As the heroine, Charlotte Lewis is appealing. She may not be a world class actress, but with her deep eyes, pretty face and bombshell figure she is, at least in the physical sense, instantly believable as a model. But she also manages to make the character genuinely sympathetic and engaging, and is able to keep it up even while being attacked by the telephone. Her increasingly intimate relationship with Riccardo provides an emotional focal point for the story. The character describes himself as being an art student, and as played by Marcello Modugno he comes across as outgoing but somewhat uncomfortable, the kind of a person who has never completely gotten over being socially awkward when he was younger. He is the type of man that would normally not be able to do anything except admire a woman like Jenny from afar, but due to his willingness to put himself into what would otherwise be Jenny's own private hell in order to help her (whether this is out of the kindness of his heart, his attraction to her, or simply lazy screenwriting, will never be known) makes him compelling as well.
is recommended to dedicated Eurocult enthusiasts. It's an above average Italian horror film and one that, despite it's absurdities, I got some enjoyment out of.
is presented letterboxed at 1.50:1 and is not enhanced for 16x9 sets. The choice to present the film at 1.50:1 seems a bizarre one, considering that most Italian horror films at this time were cropped to at least 1.66:1. As it is, the film is barely letterboxed. Due to overscan it essentially looks full-frame on many 4x3 displays.
The transfer itself is not bad, though not without flaws either. Though this is not a film designed to feature eye-popping hues, colors are strong and well-defined. Black levels are generally solid and the image features a pleasing level of detail, but occasionally will appear washed out. There are some grainy scenes and shots, but these are limited in number. However, the film elements that the transfer was struck from have sustained some damage. There are scratches, specks and blemishes visible throughout the film. They are limited in number and severity, but do appear on a regular basis. Overall an easily watchable presentation, but one which could have been better.
Two soundtrack options are available, one in German 2.0 Mono, the other in English 2.0 Mono. Like the image, the English soundtrack is also a mixed bag. There are no instances of significant background noise or distortion. Though sound effects - especially small sounds - are reproduced clearly (a good thing, since it seems great care was taken in the film's sound design), the dialogue recording has a hissy, raspy quality to it that is annoying. The soundtrack is also a bit unbalanced; both loud sound effects and the music score are presented at a sufficiently high volume so that adjusting my speakers to hear them at a comfortable level often rendered the dialogue hard to hear. I found myself having to make frequent adjustments in volume.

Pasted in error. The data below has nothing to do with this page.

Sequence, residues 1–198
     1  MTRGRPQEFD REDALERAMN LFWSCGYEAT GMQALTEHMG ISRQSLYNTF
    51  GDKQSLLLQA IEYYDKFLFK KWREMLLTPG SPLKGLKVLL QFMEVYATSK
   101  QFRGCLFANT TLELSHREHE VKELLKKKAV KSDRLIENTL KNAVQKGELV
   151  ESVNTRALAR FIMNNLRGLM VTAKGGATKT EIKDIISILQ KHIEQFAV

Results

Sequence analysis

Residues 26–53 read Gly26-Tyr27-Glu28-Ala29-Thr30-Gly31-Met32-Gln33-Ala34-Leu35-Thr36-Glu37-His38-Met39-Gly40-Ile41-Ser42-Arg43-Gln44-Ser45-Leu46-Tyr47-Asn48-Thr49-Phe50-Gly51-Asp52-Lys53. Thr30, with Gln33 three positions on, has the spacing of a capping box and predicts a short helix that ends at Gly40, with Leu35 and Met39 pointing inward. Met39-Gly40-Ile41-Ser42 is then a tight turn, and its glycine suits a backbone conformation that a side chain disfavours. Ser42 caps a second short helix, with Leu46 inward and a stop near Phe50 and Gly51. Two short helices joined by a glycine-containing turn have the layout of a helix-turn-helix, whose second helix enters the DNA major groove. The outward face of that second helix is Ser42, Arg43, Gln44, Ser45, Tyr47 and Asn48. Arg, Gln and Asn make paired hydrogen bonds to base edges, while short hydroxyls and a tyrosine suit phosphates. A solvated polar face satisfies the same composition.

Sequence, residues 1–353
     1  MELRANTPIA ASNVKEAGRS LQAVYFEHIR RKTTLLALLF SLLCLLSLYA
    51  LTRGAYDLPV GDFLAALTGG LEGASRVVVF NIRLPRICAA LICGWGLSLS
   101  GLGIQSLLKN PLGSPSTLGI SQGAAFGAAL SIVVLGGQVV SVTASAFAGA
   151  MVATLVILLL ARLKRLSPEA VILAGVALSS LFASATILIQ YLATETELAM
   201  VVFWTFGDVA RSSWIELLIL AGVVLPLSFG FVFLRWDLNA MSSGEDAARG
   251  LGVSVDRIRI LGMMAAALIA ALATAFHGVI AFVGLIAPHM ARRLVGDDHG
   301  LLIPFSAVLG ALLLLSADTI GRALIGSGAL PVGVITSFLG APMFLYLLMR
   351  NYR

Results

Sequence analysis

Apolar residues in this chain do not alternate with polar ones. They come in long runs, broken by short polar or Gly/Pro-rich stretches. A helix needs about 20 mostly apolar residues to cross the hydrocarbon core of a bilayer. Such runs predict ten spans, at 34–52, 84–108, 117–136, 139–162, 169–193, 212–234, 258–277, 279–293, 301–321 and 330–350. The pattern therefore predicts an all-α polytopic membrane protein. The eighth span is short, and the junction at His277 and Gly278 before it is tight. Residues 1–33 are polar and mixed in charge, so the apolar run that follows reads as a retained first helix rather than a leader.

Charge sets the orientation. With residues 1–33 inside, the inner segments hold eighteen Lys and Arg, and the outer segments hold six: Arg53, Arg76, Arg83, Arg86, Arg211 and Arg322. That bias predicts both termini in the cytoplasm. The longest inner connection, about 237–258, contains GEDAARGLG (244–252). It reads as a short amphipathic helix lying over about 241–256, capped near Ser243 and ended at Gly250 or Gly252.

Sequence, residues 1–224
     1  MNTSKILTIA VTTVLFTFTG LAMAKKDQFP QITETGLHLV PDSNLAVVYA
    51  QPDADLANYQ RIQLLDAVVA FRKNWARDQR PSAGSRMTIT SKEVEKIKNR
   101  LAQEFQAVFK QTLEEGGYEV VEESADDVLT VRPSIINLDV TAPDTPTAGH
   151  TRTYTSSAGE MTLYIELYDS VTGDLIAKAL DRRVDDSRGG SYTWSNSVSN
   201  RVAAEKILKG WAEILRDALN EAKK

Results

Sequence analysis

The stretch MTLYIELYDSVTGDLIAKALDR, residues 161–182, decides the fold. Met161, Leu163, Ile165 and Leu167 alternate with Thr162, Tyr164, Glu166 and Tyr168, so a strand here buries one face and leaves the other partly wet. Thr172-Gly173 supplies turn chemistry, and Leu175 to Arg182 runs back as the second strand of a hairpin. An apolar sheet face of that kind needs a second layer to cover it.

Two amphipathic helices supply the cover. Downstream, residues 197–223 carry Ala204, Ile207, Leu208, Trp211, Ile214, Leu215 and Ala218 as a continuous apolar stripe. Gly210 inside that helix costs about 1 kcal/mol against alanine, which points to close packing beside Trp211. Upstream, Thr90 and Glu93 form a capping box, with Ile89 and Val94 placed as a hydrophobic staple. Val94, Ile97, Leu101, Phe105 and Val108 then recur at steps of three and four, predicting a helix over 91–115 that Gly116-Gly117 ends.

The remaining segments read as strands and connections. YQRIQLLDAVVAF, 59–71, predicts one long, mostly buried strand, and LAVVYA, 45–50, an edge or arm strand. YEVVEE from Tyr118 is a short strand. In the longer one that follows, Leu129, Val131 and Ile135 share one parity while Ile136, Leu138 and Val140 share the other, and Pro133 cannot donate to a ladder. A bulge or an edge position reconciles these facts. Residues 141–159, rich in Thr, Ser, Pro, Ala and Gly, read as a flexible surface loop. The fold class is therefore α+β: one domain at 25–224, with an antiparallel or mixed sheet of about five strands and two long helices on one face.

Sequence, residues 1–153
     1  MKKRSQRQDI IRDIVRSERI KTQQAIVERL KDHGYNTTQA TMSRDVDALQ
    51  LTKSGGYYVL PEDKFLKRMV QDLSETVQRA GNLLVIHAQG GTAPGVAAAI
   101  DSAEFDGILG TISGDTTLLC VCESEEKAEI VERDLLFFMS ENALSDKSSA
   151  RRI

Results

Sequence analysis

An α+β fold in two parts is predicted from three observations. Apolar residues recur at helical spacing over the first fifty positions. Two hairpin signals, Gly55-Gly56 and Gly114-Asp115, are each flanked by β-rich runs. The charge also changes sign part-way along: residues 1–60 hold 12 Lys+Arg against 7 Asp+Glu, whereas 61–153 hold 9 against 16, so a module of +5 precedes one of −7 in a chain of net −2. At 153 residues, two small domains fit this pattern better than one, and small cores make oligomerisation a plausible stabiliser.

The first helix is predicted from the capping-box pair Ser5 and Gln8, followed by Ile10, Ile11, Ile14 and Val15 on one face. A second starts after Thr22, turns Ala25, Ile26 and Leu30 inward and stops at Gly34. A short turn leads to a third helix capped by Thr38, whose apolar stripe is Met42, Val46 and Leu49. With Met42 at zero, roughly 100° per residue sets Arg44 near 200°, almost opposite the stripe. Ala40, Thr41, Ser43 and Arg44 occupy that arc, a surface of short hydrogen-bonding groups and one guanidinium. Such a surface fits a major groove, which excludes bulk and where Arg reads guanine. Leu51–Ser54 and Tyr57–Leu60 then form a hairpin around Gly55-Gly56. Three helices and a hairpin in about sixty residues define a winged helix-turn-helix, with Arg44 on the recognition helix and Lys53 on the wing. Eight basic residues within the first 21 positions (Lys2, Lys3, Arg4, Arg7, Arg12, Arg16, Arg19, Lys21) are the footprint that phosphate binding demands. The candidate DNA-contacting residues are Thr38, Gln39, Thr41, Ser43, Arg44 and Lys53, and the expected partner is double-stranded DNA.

This release features numerous extras, but all of them are minor. The best extra is a still gallery, and it is a bit unusual. As a gallery it is pretty much useless, containing mostly just screen captures from the film itself interspersed occasionally with promotional artwork from various other countries. However, what makes it worthwhile is the fact that it is overlaid with isolated tracks from Claudio Simonetti's memorable score for the film, making for a total running time of thirteen and a half minutes of music.
There are also extensive text interviews with director Ruggero Deodato and veteran Eurocult actor William Berger, who has a small role in Dial: Help
as an expert on the paranormal. Unfortunately, they are in German. Talent bios and filmographies for Deodato, Charlotte Lewis and Simonetti are also featured, but they are also in German. Lastly, there is a trailer for the film, as well as trailers for Fear City
, Perdita Durango
, Horror 101
is a strangely likeable – though completely and utterly implausible – little thriller from a director who is usually associated with more explicit and controversial fare. With the Region 1 Eurohorror market quickly running out of classic and not-so-classic material to release it’s not likely to be long before Shriek Show or some other like-minded company snatches it up. Because of this, and because of the fact that this release’s supplements, audio presentation and video quality are only average, this is a disc that will probably only appeal to our European readers. Yet it’s available for such an unusually low price, even from American importers, that viewers wouldn’t be risking much by investing in a copy.
Movie – B-
Image Quality – B-
Sound – C+
Supplements – C+
- Running Time - 1 hour 34 minutes
- Rated 16 (German ratings system)
- 1 Disc
- Chapter Stops
- German 2.0 Mono
- English 2.0 Mono
- Still gallery with isolated score
- Ruggero Deodato text interview (in German)
- William Berger text interview (in German)
- Talent bios and filmographies (in German)